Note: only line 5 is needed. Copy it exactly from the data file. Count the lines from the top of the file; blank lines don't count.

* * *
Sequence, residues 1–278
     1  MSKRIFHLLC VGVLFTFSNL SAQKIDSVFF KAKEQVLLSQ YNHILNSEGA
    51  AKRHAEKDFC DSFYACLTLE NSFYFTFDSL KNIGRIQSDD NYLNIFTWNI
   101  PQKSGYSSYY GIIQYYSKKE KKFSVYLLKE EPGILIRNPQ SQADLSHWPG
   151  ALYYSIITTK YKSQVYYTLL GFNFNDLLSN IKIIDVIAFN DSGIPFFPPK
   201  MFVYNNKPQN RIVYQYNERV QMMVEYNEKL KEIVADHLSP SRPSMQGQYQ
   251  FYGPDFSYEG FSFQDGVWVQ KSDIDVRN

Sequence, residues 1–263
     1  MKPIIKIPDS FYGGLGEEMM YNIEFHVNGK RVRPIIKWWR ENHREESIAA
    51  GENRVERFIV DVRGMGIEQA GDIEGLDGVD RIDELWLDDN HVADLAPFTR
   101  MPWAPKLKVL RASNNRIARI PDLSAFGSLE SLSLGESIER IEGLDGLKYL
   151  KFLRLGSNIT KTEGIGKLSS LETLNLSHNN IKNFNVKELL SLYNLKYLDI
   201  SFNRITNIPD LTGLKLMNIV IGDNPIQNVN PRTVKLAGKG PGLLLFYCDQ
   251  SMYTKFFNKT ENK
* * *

   151  ALYYSIITTK YKSQVYYTLL GFNFNDLLSN IKIIDVIAFN DSGIPFFPPK